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'Ruth Doesn't Live Here Anymore' memorializes modern dance's origins

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Lionel Popkin finds underlying multi-culti implications in the founding of modern dance in L.A.

The fact that modern dance was born in Los Angeles is well known, and it is not. Dance texts are not uncertain on the subject. In 1915, the pioneer Ruth St. Denis -- who took inspiration from progressive early 20th century Western theater and from the Eastern dance, theater and spiritual disciplines ripe in Southern California at the time -- founded the Denishawn school in Los Angeles with her husband, Ted Shawn.

Martha Graham was a Denishawn student. History was made.

But New York has for so long co-opted that history by becoming the center of modern dance that St. Denis’ role in the art form’s creation still needs regular prompting.

L.A. choreographer and dancer Lionel Popkin’s evening-length “Ruth Doesn’t Live Here Anymore,” which will be given at REDCAT Thursday through Saturday evenings, is intended to remind that St. Denis (who was born in New Jersey sometime between 1877 and 1880 and died in L.A. in 1968) not only did live here but she also remains a provocative stimulus for questions of the nature of dance and culture.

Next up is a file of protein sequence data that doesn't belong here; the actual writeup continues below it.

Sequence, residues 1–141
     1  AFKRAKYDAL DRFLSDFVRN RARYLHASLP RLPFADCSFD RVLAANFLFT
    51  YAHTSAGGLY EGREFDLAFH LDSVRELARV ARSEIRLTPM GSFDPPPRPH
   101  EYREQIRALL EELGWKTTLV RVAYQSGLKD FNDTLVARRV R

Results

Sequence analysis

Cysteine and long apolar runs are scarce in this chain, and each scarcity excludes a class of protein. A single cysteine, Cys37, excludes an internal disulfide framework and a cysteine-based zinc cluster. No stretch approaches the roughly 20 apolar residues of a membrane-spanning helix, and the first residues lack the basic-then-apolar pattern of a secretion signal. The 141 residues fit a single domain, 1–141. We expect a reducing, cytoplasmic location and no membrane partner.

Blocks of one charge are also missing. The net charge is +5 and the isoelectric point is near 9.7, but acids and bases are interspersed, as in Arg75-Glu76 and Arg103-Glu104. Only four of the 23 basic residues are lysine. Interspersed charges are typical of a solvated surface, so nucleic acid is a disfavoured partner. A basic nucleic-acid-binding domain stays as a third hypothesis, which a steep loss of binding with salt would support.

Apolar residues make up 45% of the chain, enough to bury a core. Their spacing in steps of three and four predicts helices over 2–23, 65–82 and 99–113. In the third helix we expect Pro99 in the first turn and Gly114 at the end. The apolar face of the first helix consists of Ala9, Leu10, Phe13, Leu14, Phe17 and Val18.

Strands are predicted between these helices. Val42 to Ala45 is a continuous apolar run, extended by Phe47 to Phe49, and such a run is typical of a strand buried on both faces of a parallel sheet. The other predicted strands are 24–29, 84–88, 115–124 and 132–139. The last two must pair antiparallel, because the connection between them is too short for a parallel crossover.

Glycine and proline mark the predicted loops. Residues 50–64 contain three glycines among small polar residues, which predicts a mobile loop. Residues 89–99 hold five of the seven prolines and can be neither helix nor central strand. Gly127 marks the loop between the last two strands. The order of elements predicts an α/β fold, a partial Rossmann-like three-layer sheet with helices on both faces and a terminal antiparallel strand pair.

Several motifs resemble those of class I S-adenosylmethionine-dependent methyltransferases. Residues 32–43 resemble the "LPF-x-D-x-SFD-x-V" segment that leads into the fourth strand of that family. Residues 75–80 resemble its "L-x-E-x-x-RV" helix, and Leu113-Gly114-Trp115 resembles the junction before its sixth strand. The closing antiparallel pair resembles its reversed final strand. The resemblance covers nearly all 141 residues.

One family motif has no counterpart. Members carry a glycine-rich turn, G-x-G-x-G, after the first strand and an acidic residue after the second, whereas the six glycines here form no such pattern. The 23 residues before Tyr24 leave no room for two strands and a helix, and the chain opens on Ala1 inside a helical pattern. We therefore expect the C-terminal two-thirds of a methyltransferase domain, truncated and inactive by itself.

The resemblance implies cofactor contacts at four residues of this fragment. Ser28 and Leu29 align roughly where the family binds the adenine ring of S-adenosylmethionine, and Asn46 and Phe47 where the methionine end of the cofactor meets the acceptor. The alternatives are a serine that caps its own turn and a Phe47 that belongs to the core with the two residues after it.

For Popkin, who describes himself as half Jewish and half Indian, considering St. Denis means contending with her versions of orientalism, with the notion that modern dance was actually founded on what today might seem loopy misrepresentations of Southern Asia.

So why not add today’s loopiest avant-garde accordionist, Guy Klucevsek, to create a score that he will play live with violinist Sara Parkins? As a cultural cross-dresser, Klucevsek has few equals in bending genres wherever he finds them. His latest recording, “Polka From the Fringe,” is a two-CD collection of new polkas he got from a wide range of classical new music, jazz and indie pop composers. It’s a riot, and an addictive one at that.

Copyright © 2014, Los Angeles Times
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